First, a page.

Bunkhouse Stampede ’88
NWA Bunkhouse Stampede ‘88
January 24, 1988
Just when JCP thought it was safe to air a PPV without McMahon coming along and tricking the cable companies into choosing to air his PPVs over the NWA’s PPV, Vince airs a free show with the debut of the Royal Rumble over on the USA network. No biggie though, the card wasn’t even that good to begin with and a less than mediocre WrestleMania card was coming.
Your hosts are Jim Ross and Bob Caudle!
– NWA World Television Champion Nikita Koloff vs. Bobby Eaton (w/Jim Cornette)
Tony Schiavone is playing Gary Michael Capetta tonight. Bobby is one-half of the US tag champs here. Real slow to start. Eaton talks with Cornette a lot. Koloff works the arm, but Eaton breaks free and kicks him out to ringside. Eaton tries a turnbuckle smash, but Koloff puts on the brakes and whips Eaton into the ringpost. Koloff escapes out of a headlock and powerslams Eaton down. More Eaton headlock action follows. They go to the floor and Koloff shoves Eaton into the ringpost. Koloff shoulder-posts him and then hiptosses him on the concrete. Eaton cheapshots to take over and then hits an elbow drop off the ropes for two. Koloff elbows out of a looong hammerlock, but Eaton buries a knee to slow Koloff down. Missile dropkick connects for 1-2-NO! Back to the hammerlock. Cornette puts the bad mouth on Koloff, which makes the resthold not quite as boring. Koloff feeds off the Long Islanders and elbows out. He hits the SICKLE, but not good enough to put Eaton away. Eaton grabs Koloff by the arm and drops down into another hammerlock. That eats up another good chunk of time before Koloff stands up and makes the ropes. Koloff fires back on Eaton with thirty seconds left. Ten-count corner punches follow and Koloff hits the SICKLE full-on as the time limit expires. (20:00) Cornette unsuccessfully goes after Koloff and hands over the racket, but Eaton steals it away and beats Koloff down. Stan Lane comes in to assist Eaton in the mugging as the crowd chants Dusty. This was 75% restholds and 25% action. I’m a huge mark for both guys, but they were just phoning it in here. **¼
– NWA Western States Heritage Champion Barry Windham vs. Larry Zbyszko (w/Baby Doll)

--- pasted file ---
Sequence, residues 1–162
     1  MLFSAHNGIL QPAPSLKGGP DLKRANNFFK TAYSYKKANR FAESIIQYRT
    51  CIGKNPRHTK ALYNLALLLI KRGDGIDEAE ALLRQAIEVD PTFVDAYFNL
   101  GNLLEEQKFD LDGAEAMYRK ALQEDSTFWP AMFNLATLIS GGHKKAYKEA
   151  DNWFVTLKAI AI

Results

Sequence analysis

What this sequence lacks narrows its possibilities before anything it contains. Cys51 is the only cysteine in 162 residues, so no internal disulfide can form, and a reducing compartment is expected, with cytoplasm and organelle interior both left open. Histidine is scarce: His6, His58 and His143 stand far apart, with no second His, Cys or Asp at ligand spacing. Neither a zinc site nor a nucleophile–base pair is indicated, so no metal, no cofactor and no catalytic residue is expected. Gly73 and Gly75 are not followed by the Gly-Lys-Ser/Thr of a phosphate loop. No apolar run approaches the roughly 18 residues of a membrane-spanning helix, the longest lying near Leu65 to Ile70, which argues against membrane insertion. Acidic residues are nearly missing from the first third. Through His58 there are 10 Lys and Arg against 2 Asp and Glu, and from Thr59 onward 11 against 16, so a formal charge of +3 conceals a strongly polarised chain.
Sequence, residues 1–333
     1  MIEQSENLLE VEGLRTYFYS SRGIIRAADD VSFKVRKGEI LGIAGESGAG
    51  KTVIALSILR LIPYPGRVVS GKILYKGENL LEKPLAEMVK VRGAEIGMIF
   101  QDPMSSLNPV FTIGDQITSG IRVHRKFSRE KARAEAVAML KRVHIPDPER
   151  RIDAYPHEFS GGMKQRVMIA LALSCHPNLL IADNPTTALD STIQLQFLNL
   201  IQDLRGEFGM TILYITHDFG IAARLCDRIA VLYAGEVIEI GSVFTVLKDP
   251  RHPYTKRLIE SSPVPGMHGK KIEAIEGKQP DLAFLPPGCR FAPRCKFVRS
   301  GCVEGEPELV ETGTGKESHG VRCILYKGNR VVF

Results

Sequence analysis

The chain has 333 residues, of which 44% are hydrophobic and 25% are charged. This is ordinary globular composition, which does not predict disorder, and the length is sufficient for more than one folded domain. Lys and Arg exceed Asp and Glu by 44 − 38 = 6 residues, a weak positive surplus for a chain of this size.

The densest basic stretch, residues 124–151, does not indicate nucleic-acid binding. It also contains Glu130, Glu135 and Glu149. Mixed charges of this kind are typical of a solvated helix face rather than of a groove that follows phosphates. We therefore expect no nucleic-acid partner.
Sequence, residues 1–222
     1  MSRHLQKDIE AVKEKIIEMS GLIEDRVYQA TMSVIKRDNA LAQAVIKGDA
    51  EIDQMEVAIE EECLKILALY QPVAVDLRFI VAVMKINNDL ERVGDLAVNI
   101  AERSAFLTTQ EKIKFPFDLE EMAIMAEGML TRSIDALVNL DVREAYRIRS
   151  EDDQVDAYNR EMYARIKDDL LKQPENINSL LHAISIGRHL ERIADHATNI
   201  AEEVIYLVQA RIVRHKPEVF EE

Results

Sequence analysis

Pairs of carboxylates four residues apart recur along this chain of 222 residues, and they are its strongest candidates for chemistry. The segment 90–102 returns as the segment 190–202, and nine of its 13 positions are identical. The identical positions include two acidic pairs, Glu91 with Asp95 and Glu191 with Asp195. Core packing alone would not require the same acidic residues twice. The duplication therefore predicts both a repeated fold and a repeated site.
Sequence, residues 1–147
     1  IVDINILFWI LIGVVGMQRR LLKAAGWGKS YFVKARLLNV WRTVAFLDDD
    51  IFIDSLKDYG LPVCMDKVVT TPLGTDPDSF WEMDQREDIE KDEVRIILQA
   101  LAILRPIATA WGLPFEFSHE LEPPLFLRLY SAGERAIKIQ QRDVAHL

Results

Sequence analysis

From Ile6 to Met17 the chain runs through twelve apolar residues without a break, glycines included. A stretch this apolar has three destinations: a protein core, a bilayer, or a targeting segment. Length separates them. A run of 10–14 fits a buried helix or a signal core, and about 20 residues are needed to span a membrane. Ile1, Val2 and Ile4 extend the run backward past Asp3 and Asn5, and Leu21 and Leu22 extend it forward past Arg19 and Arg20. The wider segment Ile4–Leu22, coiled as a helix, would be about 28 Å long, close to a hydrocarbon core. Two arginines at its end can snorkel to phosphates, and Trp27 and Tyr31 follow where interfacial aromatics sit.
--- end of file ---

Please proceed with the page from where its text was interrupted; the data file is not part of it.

Yeah, Baby Doll (who doesn’t look half bad here, by the way) managed Larry Z and then was fired by Dusty (for the second time) because of her marriage to then-WWF wrestler Sam Houston. According to Dusty, it was a conflict of interest type of thing. According to the old reliable (har har) Wikipedia, Baby Doll is now working as a security guard at Wal-Mart. Take it with a grain of salt though, because it is coming from Wikipedia. Anyways, the Horsemen have attacked Windham’s knee which is going to be Zbyszko’s gameplan all night long. Windham controls to start with armdrags, shoulderblocks and hiptosses until Zbyszko takes a walk. Back in, Z goes after the knee and Windham pulls on Larry’s hair to get him to break the kneebar. Larry applies a hammerlock and keeps Windham from reversing, but falls for the fireman’s carry takeover. Larry tries to sneak in that reverse kick, but Barry grab his foot and spins him around for an atomic drop to send Zbyszko out on the floor again. Back in again, Zbyszko goes back after Windham’s knee and hooks a kneebar. Windham escapes that, but takes a drop toehold and get caught in a half-crab/anklelock type hold. Windham stands up out of that and delivers an enziguri. Powerslam from Windham gets two. Windham heads up top for the elbow drop, but that never hits for him as this time is no different. Zbyszko’s back on the knee. Windham stands up again, but this time Zbyszko gets the reverse kick in and a backbreaker gets two. Windham gets out of that half-crab/anklelock hold again and wins a slugfest and connects with a dropkick. Windham tries for a suplex, but his knee buckles and Z gets two. Gutwrench suplex from Windham gets two. Now Windham has the Sleeper, but Zbyszko makes the ropes. Larry rolls out and Windham follows him, but gets shoved off into the ringpost. Larry gets back in, but Windham wakes up and trips up Larry to crotch him on the ringpost. Back in, Windham goes for the kill with the Lariat, but Zbyszko collapses and Windham flies out to the floor! Zbyszko smashes Windham’s face on a ringside table. Windham lays down on the table and Public Enemy runs in and makes their NWA debut as Rocco Rock delivers a FLIP DIVE ONTO THE TABLE!!! WINDHAM’S GOTTA BE DEAD!!! Just kidding. Back in, Zbyszko blocks a sunset flip with a right hand for two. Zbyszko tries for a swinging neckbreaker, but Windham counters into a backslide for two. Z wants a piledriver, but Windham backdrops out. Double-KO! Zbyszko misses a corner charge and so Windham follows up with a ten-count corner punch. The ref gets squashed by Z and Windham rolls him up for nothing! Windham goes over to wake up the ref while Baby Doll hands Larry her shoe. Windham turns around and pow right in the kisser. Cover, 1-2-3. (19:16) New champ! This would be the last time the WSH title would be defended on PPV, but not the last time the belt would appear on PPV. When Flair left in ’91, the WSH belt was used as a quick fill-in for the world title match at the Great American Bash that year. Interesting little tidbit for those few of you don’t know. Solid match, by the way. Larry was always screwing Barry over – four years later, he would slam his freakin’ hand in a car door! Who does that to somebody? ***¼